Relations with Zambia have also been tense because of the extensive smuggling activity along the border. Also, the FLNC's use of Zambian territory during its 1978 invasion of Zaire's Shaba Region proved an irritant to bilateral relations, as did a centuryold border dispute over the area between Lake Tanganyika and Lake Mweru.

In the late 1980s, however, relations between the two countries improved. Although smuggling continued to be an irritant, Zaire and Zambia settled their border dispute on September 18, 1989. In addition, Zambian support for Mobutu's efforts to mediate an end to the Angolan civil war contributed to improved relations.

Angola has presented the gravest potential threat to Zaire's national security. This threat has its roots in the support each country gave to the other's insurgent groups. Zaire supported the Angolan insurgent group, the FNLA, against the communist-backed MPLA, and after the FNLA's demise, Kinshasa transferred its support to the National Union for the Total Independence of Angola (União Nacional para a Independência Total de Angola--UNITA). Angola, on the other hand, supported the FLNC and its invasions of Zaire's Shaba Region in 1977 and 1978. Although relations improved periodically during the late 1970s and early 1980s, Zairian support for UNITA, particularly the alleged use of Kamina's military base in Shaba Region as a transit point for supplies from the United States, kept relations somewhat tense.

Zaire's concern was based on the size and strength of Angola's armed forces. Angola had the largest military (more than 100,000 personnel) of all of Zaire's neighbors. Its services were also the best equipped, possessing large quantities of sophisticated Soviet weapons. Moreover, because of the experience gained in its longrunning civil war against UNITA, the Angolan military's capability easily surpassed that of the FAZ. This imbalance, along with the long land border between the two countries, made Luanda loom large in Kinshasa's national security concerns.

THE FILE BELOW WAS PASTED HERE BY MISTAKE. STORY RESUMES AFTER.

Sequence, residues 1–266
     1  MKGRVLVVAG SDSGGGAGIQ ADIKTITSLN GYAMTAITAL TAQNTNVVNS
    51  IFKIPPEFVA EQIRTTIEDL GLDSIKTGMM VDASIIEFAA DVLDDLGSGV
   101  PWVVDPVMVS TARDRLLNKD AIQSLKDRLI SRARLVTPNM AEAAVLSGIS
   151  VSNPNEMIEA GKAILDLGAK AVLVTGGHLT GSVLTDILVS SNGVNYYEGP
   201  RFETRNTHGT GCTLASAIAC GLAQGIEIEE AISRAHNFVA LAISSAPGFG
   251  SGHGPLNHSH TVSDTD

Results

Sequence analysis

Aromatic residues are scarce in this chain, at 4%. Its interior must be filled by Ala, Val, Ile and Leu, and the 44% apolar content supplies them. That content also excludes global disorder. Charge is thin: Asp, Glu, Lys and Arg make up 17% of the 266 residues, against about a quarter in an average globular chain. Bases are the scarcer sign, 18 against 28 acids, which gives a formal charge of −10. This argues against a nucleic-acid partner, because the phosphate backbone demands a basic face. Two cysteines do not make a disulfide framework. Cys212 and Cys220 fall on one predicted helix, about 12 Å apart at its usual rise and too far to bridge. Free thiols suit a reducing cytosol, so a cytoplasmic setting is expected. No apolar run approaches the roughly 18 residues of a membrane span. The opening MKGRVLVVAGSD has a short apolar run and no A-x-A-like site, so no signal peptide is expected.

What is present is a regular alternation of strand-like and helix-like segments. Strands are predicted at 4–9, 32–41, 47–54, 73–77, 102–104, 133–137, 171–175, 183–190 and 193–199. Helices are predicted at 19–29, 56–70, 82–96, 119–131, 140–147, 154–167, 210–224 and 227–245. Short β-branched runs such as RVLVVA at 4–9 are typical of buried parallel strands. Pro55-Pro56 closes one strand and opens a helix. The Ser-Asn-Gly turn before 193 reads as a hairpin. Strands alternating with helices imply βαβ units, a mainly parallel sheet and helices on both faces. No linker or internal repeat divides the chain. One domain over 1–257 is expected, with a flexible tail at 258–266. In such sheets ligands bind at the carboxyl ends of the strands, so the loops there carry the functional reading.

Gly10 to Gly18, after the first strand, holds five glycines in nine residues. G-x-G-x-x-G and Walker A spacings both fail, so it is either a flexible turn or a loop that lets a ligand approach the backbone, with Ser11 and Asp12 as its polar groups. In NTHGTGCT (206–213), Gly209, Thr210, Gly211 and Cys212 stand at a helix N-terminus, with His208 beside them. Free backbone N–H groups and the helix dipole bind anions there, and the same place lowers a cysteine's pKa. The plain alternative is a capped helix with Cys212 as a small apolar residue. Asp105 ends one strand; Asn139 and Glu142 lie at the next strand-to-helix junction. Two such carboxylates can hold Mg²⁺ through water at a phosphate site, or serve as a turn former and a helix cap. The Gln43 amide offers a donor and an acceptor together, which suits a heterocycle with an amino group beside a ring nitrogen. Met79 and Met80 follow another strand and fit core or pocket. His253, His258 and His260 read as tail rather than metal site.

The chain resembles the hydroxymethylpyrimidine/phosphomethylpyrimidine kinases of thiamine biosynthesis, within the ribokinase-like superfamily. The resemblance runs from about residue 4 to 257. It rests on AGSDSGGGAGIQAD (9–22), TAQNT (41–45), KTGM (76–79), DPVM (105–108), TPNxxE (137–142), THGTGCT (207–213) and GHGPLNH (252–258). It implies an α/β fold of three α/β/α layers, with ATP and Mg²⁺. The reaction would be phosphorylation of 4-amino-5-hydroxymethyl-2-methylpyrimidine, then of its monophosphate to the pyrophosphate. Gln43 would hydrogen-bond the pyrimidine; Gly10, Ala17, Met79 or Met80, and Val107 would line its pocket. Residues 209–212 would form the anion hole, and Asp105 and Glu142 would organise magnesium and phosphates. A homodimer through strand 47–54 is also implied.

Several factors, however, limited the Angolan government's ability to threaten Zaire. The ongoing UNITA insurgency forced Luanda to orient its military toward this internal threat. Furthermore, past Western support for Kinshasa, especially during the Shaba crises, had not gone unnoticed in Luanda. There were also close military ties between Zaire and the United States. Reportedly, the United States had supplied weapons through Zaire to UNITA in the late 1980s.

Relations between Angola and Zaire started to improve somewhat in late 1988 when negotiations began over repatriation of refugees to their respective countries. Although the repatriations stalled because of mutual suspicions, negotiations resumed, and on September 27, 1989, the first refugees returned home. Approximately 310,000 displaced Angolans remained in Zaire in early 1992.

Also during this period, President Mobutu arranged for a summit of African leaders to discuss Angolan national reconciliation. The summit, which took place in Gbadolite, Zaire, on June 22, 1989, led to a temporary cease-fire in the Angolan civil war and also called for subsequent negotiations on national reconciliation. Known as the Gbadolite Declaration, this agreement both necessitated and resulted in improved negotiations between Kinshasa and Luanda. Although the Gbadolite Declaration agreement was short-lived, the 1991 cease-fire agreement between Luanda and UNITA and resultant attempts to form a new broad-based Angolan government were expected to reduce potential conflict between Angola and Zaire.

As for relations with other African states, Zaire's support for Western initiatives and conservative regimes in Africa has had mixed consequences. Actions such as training Chadian soldiers at the Zairian Commando Training Center and sending troops to Chad to support United States and French policy in that country helped Zaire secure Western economic and military assistance, but they also earned Mobutu the enmity of many African leaders. Particularly important in this regard was Zaire's support for the UNITA insurgency in Angola.

Data as of December 1993